Bubbling fountains engage the senses

At the start of a new year, those lists of what's "in" and what's "out" are almost as plentiful as well-meaning resolutions. They read like edicts, making us feel uncool if we associate with anything in the "out" column. One thing these predictors of cooldom don't agree on, however, is the indoor water fountain, a big-selling item in the feng shui-loving 1990s.

No one's quite sure if the water fountain's popularity has dried up. If the recent holiday season is any indication, however, they are in. Big time. From Neiman Marcus to The Nature Company and The Home Depot, they trickled on tables, shelves, and floors, beckoning shoppers to scoop one up for the friend who has everything.

One person who's making sure water fountains stay in vogue is Paris Mannion. For the past two years, Ms. Mannion has taught workshops in San Diego, Calif., to those interested in crafting their own. She also publishes a newsletter, writes books, and hosts a website on the topic.

Since the first issue came out two years ago, subscriptions to Mannion's newsletter have increased from 300 to 9,500, and Amazon.com sales of her "Create Your Indoor Fountain: Expressions of the Self" have surged to nearly 34,000.

"People are charmed by the sound of moving water," she explains. "These fountains provide an important connection to nature, and making one's own brings so much joy. People really unleash their creativity."

Not to mention that crafting your own fountain saves money. Commercial fountains range from about $40 for tabletop varieties to several hundred dollars for a large, elaborately sculpted one. For the price of an attractive earth-toned bowl, a pump (about $15), and some rocks or shells, you can create the same effect.

Gathering stuff to fill that bowl is half the fun, says Bonnie McGrath, who also teaches fountainmaking workshops. She sells ceramic turtle, frog, and Japanese mudmen ornaments for a touch of whimsy. But she likes natural materials best. Ms. McGrath has combed just about every beach to the north and south of her home in Acton, Mass., and she keeps her eyes wide open during trips to other parts of the country.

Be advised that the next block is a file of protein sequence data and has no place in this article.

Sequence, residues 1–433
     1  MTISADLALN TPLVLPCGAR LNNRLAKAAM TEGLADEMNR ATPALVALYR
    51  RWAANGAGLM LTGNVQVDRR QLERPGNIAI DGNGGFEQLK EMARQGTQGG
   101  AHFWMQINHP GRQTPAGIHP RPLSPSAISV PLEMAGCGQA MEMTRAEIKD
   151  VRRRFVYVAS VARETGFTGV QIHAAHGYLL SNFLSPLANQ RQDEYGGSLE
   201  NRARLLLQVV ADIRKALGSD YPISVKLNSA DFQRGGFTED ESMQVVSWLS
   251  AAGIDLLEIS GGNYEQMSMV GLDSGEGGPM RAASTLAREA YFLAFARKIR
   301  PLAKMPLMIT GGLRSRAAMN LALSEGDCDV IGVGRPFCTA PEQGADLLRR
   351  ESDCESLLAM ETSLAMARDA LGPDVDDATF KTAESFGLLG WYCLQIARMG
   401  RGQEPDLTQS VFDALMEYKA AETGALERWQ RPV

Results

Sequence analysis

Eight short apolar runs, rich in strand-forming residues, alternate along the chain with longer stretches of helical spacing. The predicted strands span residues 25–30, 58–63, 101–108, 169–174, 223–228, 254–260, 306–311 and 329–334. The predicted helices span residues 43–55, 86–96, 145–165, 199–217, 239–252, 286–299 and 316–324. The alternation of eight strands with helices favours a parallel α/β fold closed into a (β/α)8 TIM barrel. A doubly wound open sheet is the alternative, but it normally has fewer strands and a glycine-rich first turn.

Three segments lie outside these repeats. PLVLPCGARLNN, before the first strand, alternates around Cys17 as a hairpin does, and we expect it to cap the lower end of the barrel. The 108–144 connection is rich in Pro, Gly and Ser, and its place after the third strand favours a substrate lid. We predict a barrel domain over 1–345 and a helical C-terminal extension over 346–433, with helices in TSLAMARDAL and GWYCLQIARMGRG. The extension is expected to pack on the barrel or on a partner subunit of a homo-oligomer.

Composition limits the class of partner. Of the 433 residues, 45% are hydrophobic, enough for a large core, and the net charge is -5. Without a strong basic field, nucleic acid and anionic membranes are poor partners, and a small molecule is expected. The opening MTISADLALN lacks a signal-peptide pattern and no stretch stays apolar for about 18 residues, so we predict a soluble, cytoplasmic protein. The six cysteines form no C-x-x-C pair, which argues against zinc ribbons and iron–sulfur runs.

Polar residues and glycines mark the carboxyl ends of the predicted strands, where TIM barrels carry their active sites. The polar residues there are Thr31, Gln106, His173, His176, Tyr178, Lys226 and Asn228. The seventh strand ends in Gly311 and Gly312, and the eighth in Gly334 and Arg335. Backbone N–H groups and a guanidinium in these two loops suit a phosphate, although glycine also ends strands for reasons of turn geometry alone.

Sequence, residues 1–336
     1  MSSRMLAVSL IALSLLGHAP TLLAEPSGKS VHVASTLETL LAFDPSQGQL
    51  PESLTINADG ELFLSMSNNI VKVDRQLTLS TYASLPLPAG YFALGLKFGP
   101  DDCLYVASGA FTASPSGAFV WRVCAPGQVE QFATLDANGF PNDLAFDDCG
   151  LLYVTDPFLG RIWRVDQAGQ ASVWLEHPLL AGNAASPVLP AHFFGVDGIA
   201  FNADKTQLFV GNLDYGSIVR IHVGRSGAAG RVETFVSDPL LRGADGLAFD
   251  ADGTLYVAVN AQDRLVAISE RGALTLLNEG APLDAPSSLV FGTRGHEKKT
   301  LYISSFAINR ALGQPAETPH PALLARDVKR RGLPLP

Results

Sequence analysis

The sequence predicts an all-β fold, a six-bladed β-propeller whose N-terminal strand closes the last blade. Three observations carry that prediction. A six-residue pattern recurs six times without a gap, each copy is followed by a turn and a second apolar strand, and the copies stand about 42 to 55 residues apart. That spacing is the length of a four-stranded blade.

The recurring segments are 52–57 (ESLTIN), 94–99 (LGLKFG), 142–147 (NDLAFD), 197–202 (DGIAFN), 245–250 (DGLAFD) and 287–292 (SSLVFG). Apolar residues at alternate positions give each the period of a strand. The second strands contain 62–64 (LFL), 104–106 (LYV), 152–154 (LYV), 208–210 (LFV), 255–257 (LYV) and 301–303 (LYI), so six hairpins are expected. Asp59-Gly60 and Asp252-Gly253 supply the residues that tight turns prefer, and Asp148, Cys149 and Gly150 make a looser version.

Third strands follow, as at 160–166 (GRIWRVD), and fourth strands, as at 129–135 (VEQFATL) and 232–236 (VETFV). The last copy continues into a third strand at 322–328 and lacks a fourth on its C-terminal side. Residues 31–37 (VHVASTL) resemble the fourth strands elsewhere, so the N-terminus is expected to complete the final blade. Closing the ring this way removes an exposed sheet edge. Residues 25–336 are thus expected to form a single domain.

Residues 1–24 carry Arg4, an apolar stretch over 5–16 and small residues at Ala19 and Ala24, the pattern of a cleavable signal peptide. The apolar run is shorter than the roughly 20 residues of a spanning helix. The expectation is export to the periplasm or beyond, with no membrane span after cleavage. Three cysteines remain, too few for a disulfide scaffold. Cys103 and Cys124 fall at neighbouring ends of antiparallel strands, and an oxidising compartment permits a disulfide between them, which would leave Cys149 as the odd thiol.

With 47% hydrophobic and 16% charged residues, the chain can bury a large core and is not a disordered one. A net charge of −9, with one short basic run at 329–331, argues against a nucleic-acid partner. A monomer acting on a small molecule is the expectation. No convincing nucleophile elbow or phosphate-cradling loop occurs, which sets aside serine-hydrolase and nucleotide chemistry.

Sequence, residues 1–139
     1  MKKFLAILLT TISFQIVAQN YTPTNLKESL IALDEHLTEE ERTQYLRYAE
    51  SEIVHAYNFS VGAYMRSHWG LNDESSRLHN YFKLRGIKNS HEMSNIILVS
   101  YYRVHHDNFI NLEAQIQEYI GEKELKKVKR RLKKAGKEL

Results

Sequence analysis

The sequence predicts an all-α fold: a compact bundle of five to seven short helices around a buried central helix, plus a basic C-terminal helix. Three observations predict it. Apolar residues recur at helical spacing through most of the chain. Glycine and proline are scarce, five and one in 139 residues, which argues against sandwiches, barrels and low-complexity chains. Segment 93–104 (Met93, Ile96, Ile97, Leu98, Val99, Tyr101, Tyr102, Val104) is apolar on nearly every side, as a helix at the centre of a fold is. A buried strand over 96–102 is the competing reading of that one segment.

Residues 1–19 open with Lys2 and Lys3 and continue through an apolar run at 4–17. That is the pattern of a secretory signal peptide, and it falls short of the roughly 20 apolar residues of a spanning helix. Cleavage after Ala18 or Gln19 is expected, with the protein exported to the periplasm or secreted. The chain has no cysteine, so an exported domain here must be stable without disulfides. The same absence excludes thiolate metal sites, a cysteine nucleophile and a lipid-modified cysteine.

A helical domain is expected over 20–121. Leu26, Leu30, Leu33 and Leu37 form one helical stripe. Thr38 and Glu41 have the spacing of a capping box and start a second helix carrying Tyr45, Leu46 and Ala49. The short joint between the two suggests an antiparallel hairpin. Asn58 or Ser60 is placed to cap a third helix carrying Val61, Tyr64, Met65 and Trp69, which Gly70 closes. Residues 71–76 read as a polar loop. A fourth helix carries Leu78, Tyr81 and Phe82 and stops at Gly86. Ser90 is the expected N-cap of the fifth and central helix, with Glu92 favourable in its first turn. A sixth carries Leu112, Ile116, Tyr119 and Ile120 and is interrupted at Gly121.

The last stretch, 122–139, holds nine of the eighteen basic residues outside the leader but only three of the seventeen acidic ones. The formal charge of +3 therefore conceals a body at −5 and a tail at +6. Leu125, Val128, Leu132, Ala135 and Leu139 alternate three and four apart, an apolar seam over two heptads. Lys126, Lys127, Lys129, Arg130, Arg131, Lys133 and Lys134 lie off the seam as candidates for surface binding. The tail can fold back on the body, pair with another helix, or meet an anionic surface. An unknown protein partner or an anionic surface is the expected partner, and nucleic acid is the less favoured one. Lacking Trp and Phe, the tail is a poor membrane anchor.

"Once you get started with this, you won't go anywhere without looking for stones and shells," she tells four women as they build their first fountains at her kitchen worktable. Circling them in her purple fleece vest, crystal necklace, and Birkenstocks, McGrath adds with a gleam in her eye that her next trip will be to Florida's Sanibel Island, known for its abundance of lovely shells.

Clearly, McGrath approaches this passion as art. With her quiet, soothing voice, she coaches the students, careful not to do their work for them, but to encourage their own creativity: "First of all, try to cover the pump," she says. "Go for a natural look. You could choose a vertical, cavelike design, stepping stones, or a layered-on-top look, form a mountain toward the back and a pool in front, or a mountain in the middle. Most of all, though, forget the words 'supposed to be.' "

Ibelle Sebastian, a dentist from Wrentham, Mass., takes quickly to McGrath's class and wastes no time voicing plans to build a second fountain.

"Flowing water reminds me of life," she says, "and in the dead of winter, that's essential!"

Wintertime is definitely a time of increased interest, but McGrath recommends that fountains trickle and cascade in homes all year round.

"The sound of a peaceful mountain stream always has a relaxing effect," she says, motioning toward the fountain in a corner of her living room, "And with our busy, often stressful lives, who couldn't use that?"

For more information, visit the website: www.buildfountains.com.

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